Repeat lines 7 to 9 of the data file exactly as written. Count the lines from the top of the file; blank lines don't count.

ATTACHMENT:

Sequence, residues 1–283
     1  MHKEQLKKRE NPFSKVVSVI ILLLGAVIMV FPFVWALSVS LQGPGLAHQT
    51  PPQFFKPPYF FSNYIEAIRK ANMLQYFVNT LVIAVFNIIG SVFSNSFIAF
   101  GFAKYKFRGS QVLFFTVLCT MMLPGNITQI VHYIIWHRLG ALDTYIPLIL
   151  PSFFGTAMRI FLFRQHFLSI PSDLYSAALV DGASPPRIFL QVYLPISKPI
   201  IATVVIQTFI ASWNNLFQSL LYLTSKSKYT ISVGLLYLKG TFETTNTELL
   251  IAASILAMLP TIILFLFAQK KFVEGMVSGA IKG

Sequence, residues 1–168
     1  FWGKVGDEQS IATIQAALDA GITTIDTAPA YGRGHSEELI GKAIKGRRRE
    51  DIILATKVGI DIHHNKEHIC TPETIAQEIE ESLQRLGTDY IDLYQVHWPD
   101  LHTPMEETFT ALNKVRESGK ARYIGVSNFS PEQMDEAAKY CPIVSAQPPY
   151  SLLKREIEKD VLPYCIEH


   251  IAASILAMLP TIILFLFAQK KFVEGMVSGA IKG

Sequence, residues 1–168
     1  FWGKVGDEQS IATIQAALDA GITTIDTAPA YGRGHSEELI GKAIKGRRRE